What's the answer? It depends

Apr 18 2019 by David Livermore Print This Article

Ive gained a reputation for being the It depends guy. When fielding questions during a presentation on cultural intelligence, my default response is It depends!

Whats the best way to manage deadlines when working across borders? It depends! Do Millennials prefer working remotely? It depends! Who should adapt to whom? It depends. It depends. It depends.

Its not that I have no opinion about the right course of action. And its fair for individuals to expect me to elaborate on It depends. But human interactions are far too complex to issue dogmatic answers without understanding more of the situation. More importantly, the most challenging situations that require cultural intelligence often happen with little warning and there isnt time to reference an over-simplified list of dos and don'ts.

Cultural intelligence, or CQ, is not just whether you can spout off the norms of different groups. In fact, as I noted recently, our research confirms that knowing a lot about cultural differences can actually be more dangerous than being culturally ignorant. Cultural intelligence is having the ability to accurately assess a situation and predict the best outcome you can. It provides a mental model for understanding and responding to complex, multicultural situations.

But how do we prepare for the situational complexity of life in the unpredictable, constantly changing world of life and work? Here are a few ways to move from It depends to a culturally intelligent course of action:

1. Know Yourself

It starts with self-awareness. You need to be clear about your core values and convictions and determine ahead of time, what lines you will and wont cross. This might be whether youre willing to flex your dietary preferences or whether you will pay a bribe or have back channel conversations to grease the wheels of the procurement process. CQ begins with a strong understanding of your core sense of self.

2. What behaviors will best express your values in this situation?

People often say to me, Isnt CQ basically about respect? I think respect is a noble value and a really important foundation for cultural intelligence. But the way you express respect is culturally conditioned. I dont need people to address me with formal titles to feel respected. But I cant assume thats true for others. I feel more respected if you give me feedback directly. But I cant assume you feel the same way. Flex your behavior, not your values.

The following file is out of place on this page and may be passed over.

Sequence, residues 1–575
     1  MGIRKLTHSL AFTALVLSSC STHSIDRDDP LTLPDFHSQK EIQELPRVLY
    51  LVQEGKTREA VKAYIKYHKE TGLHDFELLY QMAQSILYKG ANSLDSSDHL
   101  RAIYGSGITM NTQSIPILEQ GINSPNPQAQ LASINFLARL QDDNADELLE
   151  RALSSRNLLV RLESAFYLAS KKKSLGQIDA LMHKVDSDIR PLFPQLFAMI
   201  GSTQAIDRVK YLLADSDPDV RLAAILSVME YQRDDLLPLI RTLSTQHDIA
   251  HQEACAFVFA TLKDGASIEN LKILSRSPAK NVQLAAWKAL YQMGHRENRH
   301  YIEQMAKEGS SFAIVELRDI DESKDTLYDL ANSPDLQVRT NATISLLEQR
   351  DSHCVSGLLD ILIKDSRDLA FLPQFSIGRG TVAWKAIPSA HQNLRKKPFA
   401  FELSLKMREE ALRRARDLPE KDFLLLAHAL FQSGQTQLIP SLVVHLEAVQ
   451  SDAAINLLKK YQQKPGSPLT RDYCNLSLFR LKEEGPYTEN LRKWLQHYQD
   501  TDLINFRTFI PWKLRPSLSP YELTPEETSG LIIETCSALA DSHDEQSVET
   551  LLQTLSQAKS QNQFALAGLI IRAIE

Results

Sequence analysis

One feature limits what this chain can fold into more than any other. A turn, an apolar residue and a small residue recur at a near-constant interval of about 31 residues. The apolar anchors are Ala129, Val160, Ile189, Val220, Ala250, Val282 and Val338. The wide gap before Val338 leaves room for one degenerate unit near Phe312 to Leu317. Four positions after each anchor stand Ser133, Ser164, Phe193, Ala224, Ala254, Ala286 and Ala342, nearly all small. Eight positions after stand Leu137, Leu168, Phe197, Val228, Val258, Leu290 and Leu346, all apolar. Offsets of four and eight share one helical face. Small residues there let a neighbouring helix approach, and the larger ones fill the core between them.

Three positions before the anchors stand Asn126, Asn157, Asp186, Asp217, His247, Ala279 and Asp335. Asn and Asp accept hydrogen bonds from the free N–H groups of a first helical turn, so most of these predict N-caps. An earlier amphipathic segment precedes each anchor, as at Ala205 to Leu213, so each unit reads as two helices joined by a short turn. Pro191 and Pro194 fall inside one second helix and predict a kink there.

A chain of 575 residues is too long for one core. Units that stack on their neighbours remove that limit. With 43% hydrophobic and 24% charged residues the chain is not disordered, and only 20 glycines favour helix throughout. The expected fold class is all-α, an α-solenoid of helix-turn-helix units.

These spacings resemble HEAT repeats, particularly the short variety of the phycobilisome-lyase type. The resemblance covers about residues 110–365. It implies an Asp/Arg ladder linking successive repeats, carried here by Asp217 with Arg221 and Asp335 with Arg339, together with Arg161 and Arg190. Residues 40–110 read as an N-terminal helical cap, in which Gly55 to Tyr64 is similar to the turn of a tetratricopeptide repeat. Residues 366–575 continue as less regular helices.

3. Whats the objective?

One of the things Ive learned from working with military leaders is their relentless insistence on mission clarity. When we talk about the relevance of cultural differences with special operations commanders, its all about strategically using CQ in light of the mission. Cultural intelligence isnt the end all. Its a tool for accomplishing an objective in light of the cultural complexities.

The life and death nature of many military operations has a way of forcing clarity about the objective. But its easy to get cloudy on the mission when dealing with the kinds of situations most of us face. Keep the objective in view and determine what kind of action will best support the objective.

4. What adaptations will strengthen what you do? What adaptations will weaken what you do?

Most people criticized Canadian Prime Minister Justin Trudeau for dressing like a traditional Indian wedding groom to meet with Bollywood executives. Yet New Zealand Prime Minister Jacinda Ardern was praised for wearing a hijab in the wake of the Christ Church mosque tragedy. So when does adapting enhance effectiveness and when does doing so undermine the objective?

Companies struggle with this quandary too. When Starbucks first opened stores in China, they designed them to resemble a traditional, Chinese tea house with tea as the main offering on the menu. The Chinese were incensed. They wanted the unique Starbucks experience, not an Americanized version of a tea house. Some adaptation is almost always needed. But remember that the goal is to get to the point where you can leverage the differences involved rather than everyone over-adapting to a boring vanilla middle.

The more you anticipate the kinds of scenarios youre likely to encounter in culturally diverse contexts, the better you will respond during real-life situations. In the stress of the moment, youre unlikely to explicitly recall what youve read or learned about cultural dos and donts. And they might not be accurate for your specific situation. Instead, exercise your discernment muscle during low stress times so that when the real scenarios come along, youll have a subconscious inner compass to assess a situation, predict the outcome, and adapt in a culturally intelligent way.

And whats the worst thing that can happen if you get it wrong? Well, it depends!

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About The Author

David Livermore
David Livermore

David Livermore is a thought leader in cultural intelligence (CQ) and global leadership and the author of "Leading with Cultural Intelligence". He is president and partner at the Cultural Intelligence Center in East Lansing, Michigan and a visiting research fellow at Nanyang Technological University in Singapore.